With the surge in branded wooden furniture, I thought it might be fun to talk about three common options available to people looking for furniture. The best option really depends on your sense of style and the duration you're looking to keep your furniture. Often, like with so many things in life, we start off with a more functional and affordable item, and upgrade at a later stage. I've certainly done that. Plus, sometimes all you want is a fun piece that adds a little pizzazz to your interiors. You know it won't last forever, but that's fine! So let's jump right in.
Solid wood: Furniture made of solid wood utilises timber. No plywood for inner joints, for drawer boards, or planks. Just solid beams of wood. The larger the furniture, like beds and cabinets, the larger the length of wood required, and so, the larger the tree that's felled. This is why solid wood furniture is expensive, and has an environmental cost.
Solid wood is of two types- hardwood, which like teak can be very dense and hence durable, and softwood like pine and fir. Both types have beautiful natural grains that add character to furniture. I consider seasoned teak wood the gold standard. It has a beautiful long, oval grain, a deep gold color, and its durability is outstanding. Of course that doesn't mean I wouldn't buy a trendy accent piece made out of mixed medium, like wood and iron, or sleeper wood.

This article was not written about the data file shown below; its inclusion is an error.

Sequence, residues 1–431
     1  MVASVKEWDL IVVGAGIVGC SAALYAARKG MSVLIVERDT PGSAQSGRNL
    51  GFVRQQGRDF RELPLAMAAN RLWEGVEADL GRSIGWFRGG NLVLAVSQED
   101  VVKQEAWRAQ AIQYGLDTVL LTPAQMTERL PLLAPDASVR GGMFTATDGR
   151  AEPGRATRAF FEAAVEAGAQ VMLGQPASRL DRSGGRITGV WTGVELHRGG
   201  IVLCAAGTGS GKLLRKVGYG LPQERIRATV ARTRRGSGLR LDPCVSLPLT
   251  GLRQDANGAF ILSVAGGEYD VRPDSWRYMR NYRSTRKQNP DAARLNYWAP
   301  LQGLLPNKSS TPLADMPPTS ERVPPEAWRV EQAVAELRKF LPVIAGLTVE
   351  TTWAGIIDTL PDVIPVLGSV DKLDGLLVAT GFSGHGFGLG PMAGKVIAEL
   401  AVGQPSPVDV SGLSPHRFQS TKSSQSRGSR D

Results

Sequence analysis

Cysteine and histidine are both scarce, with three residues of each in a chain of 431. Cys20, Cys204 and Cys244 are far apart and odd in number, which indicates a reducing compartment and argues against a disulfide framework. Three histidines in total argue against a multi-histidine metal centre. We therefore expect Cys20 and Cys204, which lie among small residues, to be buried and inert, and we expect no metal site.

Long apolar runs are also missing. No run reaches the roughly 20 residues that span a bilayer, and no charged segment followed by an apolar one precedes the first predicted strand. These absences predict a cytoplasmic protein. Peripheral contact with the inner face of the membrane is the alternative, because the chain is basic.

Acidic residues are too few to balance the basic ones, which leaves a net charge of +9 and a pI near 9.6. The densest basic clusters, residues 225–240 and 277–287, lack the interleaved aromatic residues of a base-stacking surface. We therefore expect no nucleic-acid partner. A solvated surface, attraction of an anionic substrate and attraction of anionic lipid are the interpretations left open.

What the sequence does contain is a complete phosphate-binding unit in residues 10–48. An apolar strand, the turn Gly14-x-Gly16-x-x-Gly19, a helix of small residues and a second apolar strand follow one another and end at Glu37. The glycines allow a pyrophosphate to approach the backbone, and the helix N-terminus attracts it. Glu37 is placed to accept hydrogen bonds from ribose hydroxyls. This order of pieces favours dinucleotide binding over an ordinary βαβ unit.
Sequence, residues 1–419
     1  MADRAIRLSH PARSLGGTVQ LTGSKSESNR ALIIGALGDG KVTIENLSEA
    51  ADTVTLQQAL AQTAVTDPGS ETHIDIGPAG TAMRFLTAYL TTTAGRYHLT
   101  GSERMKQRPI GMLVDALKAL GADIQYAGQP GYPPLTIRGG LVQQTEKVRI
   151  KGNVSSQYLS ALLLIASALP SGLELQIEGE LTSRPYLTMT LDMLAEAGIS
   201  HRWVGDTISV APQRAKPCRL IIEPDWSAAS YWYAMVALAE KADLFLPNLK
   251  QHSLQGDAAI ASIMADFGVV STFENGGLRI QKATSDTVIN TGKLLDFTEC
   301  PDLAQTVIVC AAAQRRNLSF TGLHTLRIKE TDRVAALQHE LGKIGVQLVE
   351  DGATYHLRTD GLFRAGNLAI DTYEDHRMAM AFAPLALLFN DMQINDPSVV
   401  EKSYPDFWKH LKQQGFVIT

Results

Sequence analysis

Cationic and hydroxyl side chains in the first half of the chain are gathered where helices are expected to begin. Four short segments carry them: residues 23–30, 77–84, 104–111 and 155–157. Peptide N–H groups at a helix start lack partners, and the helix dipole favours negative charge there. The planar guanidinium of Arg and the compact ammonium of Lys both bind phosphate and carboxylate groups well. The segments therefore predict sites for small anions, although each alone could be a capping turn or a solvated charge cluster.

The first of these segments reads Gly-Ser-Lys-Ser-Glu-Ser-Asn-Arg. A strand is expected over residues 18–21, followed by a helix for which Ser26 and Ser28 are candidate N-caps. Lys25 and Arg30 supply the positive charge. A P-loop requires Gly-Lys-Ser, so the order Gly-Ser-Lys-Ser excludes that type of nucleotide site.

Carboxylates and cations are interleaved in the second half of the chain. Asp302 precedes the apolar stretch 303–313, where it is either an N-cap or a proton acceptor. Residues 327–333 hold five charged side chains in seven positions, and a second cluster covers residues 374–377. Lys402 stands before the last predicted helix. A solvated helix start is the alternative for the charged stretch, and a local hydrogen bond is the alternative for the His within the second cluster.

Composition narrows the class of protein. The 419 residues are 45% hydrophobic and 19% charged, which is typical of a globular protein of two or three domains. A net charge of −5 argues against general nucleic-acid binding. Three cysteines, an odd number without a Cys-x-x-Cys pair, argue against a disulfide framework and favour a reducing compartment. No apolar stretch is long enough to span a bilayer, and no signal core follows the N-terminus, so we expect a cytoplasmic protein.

It's important to note that not all solid wood is durable, nor is it necessarily appealing. Bhoora sheesham, a relative of rosewood, and mango, are actually poor materials for furniture because of their tendency to warp and their susceptibility to wood borers. Neither of them have an appealing grain or color, and need to be stained to hide the variations in color and the knots in the grain.
I'll do a follow up article on the different types of hardwood and softwoods, but for now, here's some more information on hardwoods.
Plywood: This is a manmade material made by gluing wood veneers together. It is extremely strong, but does need a finishing veneer as plywood itself has a rough finish that splinters. Plywood is a great option for sturdy, custom built furniture. The larger the furniture, like cabinets and beds, the more economical it is to use plywood.
Particle board: This is a manmade material made out of woodchips and binders like resin. It is easy to cut into different shapes, but must be covered with a veneer. If you like a more organic look, this style may be too synthetic for you. It's easy to create furniture with, so manufacturers are able to provide a wide variety of design. Since it's not actual wood, it's not durable. If a chair or a bed starts wobbling, there's no way to fix it. This medium simply doesn't have the density to accommodate a repair.
More about particle board